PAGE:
I finally found an authority for the notion of who was supposed to be mounted in a British infantry battalion. From "General Orders and Observations on the Movements and Field Exercise of the Infantry," 1804:
"The Field Officers and Adjutants of the battalion must at all times be mounted, in order the more readily to give ground in movements; speedily to correct mistakes; to circulate orders; to dress and preserve pivots when they ought to cover in column in a straight line, or when entered on an alignment, on which they are to form; and especially to take care when the column halts, that they are speedily adjusted before wheeling into line. These operations in the movements of the battalion, when connected with others in line or column, no dismounted Officer can effectually perform; nor in that situation can he see faults, or give aides which his duty requires. The direction of lines of formation and movement must be taken and given by the mounted Field Officers and Adjutants of the infantry. Where a brigade or a considerable body is acting, camp colours are improper and insufficient for this purpose; and the horse's head is the object which the pivot flank leaders in column pass close to on their outward hand. FOr the accurate performance of this important point of duty, it is necessary that the horse should be steady, active, and well trained, as their riders must be alert, intelligent, and well grounded in the true principles on which the different manoeuvres are executed."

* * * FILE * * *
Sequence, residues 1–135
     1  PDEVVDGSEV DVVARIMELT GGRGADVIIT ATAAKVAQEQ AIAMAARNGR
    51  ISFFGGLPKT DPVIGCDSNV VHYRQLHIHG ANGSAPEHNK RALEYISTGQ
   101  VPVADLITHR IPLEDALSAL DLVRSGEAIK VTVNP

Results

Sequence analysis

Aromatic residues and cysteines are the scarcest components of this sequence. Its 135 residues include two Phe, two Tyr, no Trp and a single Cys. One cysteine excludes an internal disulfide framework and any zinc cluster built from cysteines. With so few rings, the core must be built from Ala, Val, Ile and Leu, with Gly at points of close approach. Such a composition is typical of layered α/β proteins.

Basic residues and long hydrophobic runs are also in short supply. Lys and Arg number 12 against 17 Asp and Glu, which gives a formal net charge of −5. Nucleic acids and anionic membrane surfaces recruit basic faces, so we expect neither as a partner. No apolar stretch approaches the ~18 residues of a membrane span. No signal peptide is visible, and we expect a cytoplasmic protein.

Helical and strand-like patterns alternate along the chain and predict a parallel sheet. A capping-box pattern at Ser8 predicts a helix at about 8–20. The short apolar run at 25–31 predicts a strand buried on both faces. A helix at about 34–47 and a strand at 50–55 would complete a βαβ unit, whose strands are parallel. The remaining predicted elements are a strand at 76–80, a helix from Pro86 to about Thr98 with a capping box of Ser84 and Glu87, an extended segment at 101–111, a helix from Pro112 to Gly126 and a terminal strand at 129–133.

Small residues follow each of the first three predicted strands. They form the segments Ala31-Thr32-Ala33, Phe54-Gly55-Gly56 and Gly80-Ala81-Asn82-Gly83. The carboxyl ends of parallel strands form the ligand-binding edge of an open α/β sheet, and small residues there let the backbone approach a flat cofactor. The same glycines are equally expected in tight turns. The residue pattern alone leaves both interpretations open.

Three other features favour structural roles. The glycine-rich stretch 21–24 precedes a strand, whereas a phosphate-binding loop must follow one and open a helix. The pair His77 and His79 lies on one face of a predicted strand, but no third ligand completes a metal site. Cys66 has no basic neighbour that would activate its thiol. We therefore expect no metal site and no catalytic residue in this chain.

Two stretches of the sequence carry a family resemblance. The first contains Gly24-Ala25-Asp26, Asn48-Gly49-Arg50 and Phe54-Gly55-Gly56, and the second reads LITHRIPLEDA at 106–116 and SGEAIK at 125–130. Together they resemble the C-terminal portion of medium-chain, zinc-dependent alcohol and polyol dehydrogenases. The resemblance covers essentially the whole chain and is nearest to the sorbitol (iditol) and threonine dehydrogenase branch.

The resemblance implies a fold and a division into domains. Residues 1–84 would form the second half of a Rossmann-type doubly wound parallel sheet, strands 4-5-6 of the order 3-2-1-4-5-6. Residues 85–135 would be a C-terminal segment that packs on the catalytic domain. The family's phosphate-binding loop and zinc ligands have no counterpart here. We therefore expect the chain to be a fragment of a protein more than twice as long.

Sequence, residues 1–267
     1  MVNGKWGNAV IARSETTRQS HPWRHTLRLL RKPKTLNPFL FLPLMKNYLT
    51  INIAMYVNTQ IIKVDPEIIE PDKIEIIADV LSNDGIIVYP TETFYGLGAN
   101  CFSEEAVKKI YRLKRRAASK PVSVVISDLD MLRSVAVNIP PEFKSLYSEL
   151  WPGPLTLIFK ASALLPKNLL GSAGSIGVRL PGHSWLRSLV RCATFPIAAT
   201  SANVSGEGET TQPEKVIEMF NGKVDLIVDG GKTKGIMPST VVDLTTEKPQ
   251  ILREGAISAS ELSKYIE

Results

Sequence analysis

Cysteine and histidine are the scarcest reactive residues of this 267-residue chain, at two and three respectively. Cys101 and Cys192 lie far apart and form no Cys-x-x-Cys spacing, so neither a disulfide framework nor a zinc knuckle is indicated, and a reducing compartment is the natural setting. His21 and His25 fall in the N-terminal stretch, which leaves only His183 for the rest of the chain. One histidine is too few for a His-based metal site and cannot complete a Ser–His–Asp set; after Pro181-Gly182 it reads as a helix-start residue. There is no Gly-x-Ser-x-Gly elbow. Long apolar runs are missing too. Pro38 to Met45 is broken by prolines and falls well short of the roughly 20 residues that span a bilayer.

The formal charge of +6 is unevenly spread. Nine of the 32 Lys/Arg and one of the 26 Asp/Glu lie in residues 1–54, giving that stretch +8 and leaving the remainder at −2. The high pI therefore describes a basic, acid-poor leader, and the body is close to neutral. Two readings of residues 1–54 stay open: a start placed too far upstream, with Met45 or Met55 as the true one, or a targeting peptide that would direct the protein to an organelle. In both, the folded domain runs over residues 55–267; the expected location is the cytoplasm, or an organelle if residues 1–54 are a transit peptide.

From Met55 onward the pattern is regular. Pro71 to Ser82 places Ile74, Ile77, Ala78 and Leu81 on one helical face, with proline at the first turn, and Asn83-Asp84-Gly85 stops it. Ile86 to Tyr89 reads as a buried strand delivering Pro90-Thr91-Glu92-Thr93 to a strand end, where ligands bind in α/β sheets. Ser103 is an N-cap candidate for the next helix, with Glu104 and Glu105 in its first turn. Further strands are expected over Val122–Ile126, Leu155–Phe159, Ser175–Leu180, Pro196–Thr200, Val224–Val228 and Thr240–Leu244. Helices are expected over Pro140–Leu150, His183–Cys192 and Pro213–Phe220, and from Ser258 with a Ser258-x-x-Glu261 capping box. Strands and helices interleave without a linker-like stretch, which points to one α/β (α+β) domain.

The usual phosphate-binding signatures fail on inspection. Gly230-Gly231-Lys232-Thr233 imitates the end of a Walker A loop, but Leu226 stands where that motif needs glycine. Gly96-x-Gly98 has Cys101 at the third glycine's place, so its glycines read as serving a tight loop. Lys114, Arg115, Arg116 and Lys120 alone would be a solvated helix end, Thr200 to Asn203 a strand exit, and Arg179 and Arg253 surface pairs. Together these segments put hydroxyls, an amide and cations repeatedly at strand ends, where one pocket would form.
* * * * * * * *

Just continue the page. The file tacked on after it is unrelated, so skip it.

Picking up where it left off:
Cheers - Howie